Publication: Monitor Volume: 6 Issue: 80

Russian General Gennady Troshev, who was recently appointed overall commander of the federal forces in Chechnya, yesterday ruled out the possibility of peace talks with Chechen President Aslan Maskhadov. In recent weeks, Maskhadov has called repeatedly for negotiations. Troshev said in a television interview that negotiations with Maskhadov would be “unfair” and a “betrayal with respect to the army.” The general also called Maskhadov a “bandit,” lumping him with Chechen rebel field commander Shamil Basaev and Khattab. Troshev quoted what he claimed was Maskhadov’s most recent address to the Chechen people, in which Maskhadov allegedly explained his push for negotiations as a way to weaken the Russian side and then start a “new war” (NTV, April 23).

In an interview published April 21, Maskhadov said that he had ordered rebel forces to observe a unilateral cease-fire which, he claimed, was part of a peace plan floated by Moscow. Maskhadov once again claimed to be in control of all the republic’s rebel forces (Kommersant, April 21).

It was clear even before Troshev’s remarks, however, that the Kremlin had no intention of engaging in negotiations with Maskhadov. On April 21, President-elect Vladimir Putin called Maskhadov a “criminal,” but noted that the Chechen leader could make use of the amnesty law for Chechen rebels passed last December by the Duma. In February, the Duma voted to extend the amnesty deadline to May 15 of this year. Putin said that he did not plan to abandon negotiations, but added that Maskhadov “expresses readiness for everything but never does anything.” Putin repeated Moscow’s conditions for talks–“the unconditional freeing of all hostages in the mountainous regions of Chechnya who, according to the Russian special services, number more than 200, including foreigners,” and the “handing over of the bandits responsible for blowing up the dwellings in Russia and for the attack on Dagestan” last year. Putin said he was ready to “help” Maskhadov “capture the bandits” if the Chechen leader was unable to do so.

These conditions are clearly unacceptable for Maskhadov. The Chechen leader simply does not have the power on his own to arrest Basaev and Khattab, the main initiators of the raid into Dagestan. Were Maskhadov to participate with Russian troops in a joint operation against Basaev and Khattab, a majority of Chechens would see him as a traitor and a majority of the troops directly under his control would abandon him.

Meanwhile, Sergei Kozlov, Russia’s deputy interior minister, suggested that talks with Maskhadov might be possible if the Chechen leader and his fighters took advantage of the amnesty law by surrendering their weapons and hostages. While Kozlov’s comments seemed less hardline than Troshev’s, the deputy interior minister was essentially offering Maskhadov and his fighters little more than the chance to surrender unconditionally (RTR, April 23).

Moscow’s lack of interest in negotiations with Maskhadov is easy to understand. The Russian military claims that Maskhadov only controls 200-300 men–which is no more than 10 percent of the total rebel force. On the other hand, the Kremlin will find it very difficult to find a leader for the republic who will be supported by even a fraction of its population. Until recently, the most suitable figure from the Kremlin’s perspective was Bislan Gantemirov, the former mayor of Grozny [Djohar], who was released from prison in Moscow last year to head a police force in the parts of Chechnya under federal control. At the end of last week, however, Gantemirov stepped down from that post. He said that he had quit because he disagreed with a number of actions taken by the Russian power structures (Radio Liberty, April 21).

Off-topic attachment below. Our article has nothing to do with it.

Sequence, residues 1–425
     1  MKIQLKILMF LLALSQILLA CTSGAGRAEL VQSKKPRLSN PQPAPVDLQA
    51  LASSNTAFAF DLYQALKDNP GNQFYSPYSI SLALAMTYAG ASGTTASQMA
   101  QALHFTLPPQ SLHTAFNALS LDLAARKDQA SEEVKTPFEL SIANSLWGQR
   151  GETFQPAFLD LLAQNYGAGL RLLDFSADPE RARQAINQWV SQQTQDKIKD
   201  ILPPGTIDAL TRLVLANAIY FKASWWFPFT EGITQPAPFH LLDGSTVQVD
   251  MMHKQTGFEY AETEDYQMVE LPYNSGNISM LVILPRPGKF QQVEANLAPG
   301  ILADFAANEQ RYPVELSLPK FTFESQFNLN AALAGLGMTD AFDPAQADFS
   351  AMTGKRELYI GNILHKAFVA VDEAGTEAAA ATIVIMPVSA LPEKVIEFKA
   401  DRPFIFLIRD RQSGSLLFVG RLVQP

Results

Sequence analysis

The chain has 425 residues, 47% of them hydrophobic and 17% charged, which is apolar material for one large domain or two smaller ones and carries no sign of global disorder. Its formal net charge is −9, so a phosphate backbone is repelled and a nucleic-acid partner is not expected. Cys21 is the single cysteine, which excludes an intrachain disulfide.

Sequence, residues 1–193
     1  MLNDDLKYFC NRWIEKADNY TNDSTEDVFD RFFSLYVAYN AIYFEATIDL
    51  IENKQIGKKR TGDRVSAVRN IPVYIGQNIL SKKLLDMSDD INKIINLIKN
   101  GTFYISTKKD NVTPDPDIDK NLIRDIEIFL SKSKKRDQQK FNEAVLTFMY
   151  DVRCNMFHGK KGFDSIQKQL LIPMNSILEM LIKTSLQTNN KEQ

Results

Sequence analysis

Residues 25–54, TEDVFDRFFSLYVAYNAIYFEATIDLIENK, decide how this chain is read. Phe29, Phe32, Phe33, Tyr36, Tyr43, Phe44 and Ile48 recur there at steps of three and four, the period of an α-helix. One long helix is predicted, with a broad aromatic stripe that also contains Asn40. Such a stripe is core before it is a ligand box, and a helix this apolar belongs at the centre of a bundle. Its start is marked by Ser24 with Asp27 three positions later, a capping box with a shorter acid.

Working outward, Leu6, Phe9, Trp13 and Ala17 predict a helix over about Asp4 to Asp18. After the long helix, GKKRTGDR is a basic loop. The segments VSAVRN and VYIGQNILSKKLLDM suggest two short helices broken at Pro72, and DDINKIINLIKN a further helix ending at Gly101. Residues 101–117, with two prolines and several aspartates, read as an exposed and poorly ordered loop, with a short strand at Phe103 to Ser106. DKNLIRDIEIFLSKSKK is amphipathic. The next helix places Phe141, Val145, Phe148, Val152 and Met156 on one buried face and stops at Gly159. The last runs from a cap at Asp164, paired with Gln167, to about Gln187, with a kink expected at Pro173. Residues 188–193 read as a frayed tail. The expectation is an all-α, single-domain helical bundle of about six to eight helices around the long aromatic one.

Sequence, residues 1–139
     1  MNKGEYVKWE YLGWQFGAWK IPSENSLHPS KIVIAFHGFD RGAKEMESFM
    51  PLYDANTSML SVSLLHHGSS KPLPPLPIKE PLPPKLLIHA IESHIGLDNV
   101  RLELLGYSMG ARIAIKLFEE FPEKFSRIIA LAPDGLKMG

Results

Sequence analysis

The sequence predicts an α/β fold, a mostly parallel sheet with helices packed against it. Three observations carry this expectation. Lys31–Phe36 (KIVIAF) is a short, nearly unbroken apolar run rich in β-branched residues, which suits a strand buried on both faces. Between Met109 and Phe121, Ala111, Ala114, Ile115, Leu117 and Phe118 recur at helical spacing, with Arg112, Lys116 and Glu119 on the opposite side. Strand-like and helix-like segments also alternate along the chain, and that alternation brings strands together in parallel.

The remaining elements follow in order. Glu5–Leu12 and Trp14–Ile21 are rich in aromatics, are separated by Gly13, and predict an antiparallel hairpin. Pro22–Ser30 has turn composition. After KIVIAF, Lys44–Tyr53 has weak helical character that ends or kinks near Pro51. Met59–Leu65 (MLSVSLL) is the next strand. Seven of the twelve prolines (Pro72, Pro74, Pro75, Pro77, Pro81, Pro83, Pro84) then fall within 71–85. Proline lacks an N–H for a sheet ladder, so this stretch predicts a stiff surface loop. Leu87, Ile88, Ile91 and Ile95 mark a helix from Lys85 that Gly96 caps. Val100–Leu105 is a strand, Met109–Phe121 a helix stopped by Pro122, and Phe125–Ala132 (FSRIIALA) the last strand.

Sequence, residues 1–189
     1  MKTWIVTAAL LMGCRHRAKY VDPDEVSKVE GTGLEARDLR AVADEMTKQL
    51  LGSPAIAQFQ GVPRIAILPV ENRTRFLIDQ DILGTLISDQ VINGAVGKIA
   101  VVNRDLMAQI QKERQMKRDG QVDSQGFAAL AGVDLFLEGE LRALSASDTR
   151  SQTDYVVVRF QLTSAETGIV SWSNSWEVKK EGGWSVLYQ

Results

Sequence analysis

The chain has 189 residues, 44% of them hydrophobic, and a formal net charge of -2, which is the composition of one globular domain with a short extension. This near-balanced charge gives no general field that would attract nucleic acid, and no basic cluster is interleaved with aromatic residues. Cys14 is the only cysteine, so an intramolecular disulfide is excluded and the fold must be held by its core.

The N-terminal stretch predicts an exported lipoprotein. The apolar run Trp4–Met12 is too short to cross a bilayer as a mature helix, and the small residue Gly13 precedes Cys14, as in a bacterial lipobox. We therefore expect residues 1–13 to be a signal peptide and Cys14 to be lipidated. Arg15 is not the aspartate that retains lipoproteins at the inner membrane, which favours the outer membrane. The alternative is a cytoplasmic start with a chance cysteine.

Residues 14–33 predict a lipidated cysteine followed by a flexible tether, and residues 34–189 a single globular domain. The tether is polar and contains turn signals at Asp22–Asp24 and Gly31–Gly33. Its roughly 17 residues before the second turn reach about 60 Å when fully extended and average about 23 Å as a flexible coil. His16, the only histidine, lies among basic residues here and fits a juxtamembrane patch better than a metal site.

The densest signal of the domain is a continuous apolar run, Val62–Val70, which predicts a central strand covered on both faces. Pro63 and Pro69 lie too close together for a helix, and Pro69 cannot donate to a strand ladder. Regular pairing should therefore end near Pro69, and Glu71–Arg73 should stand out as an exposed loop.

Another possible choice to head the republic is Chechnya’s mufti, Akhmed Kadyrov. The fact that he fought against Russian troops during the initial phase of the current war would give Kadyrov more credibility in Chechen eyes. Kadyrov distanced himself from the resistance on the basis of his conflict with the so-called Wahabbis, including Basaev and Khattab. Other possible candidates for Moscow’s leader in Chechnya would include Ruslan Khasbulatov, who headed Russia’s Supreme Soviet before it was dissolved in September 1993, and whose rating in Chechnya was very high prior to the 1994-1996 war. But both Kadyrov and Khasbulatov–and even Gantemirov–are viewed by the Kremlin as being unpredictable and hard to control. A newspaper today claimed that Putin has not decided on Moscow’s new leader in Chechnya (Segodnya, April 24).

Meanwhile, Russia’s Press Ministry warned Kommersant over the weekend against publishing its interview with Maskhadov. In March, the ministry said that “presenting the words” of Chechen rebel leaders would be considered “collaboration with terrorists” under Russia’s antiterrorism laws, and it named Maskhadov, Basaev and Chechen rebel spokesman Movladi Udugov as “terrorists” (see the Monitor, March 15). In February, Maskhadov was charged with organizing and participating in an armed rebellion (see the Monitor, February 21). The press ministry has warned Kommersant twice, and could, theoretically, close down the paper after a third admonition. Kommersant’s editor-in-chief, Andrei Vasiliev, said yesterday that the paper will attempt to challenge the warning in court today (ORT, April 23).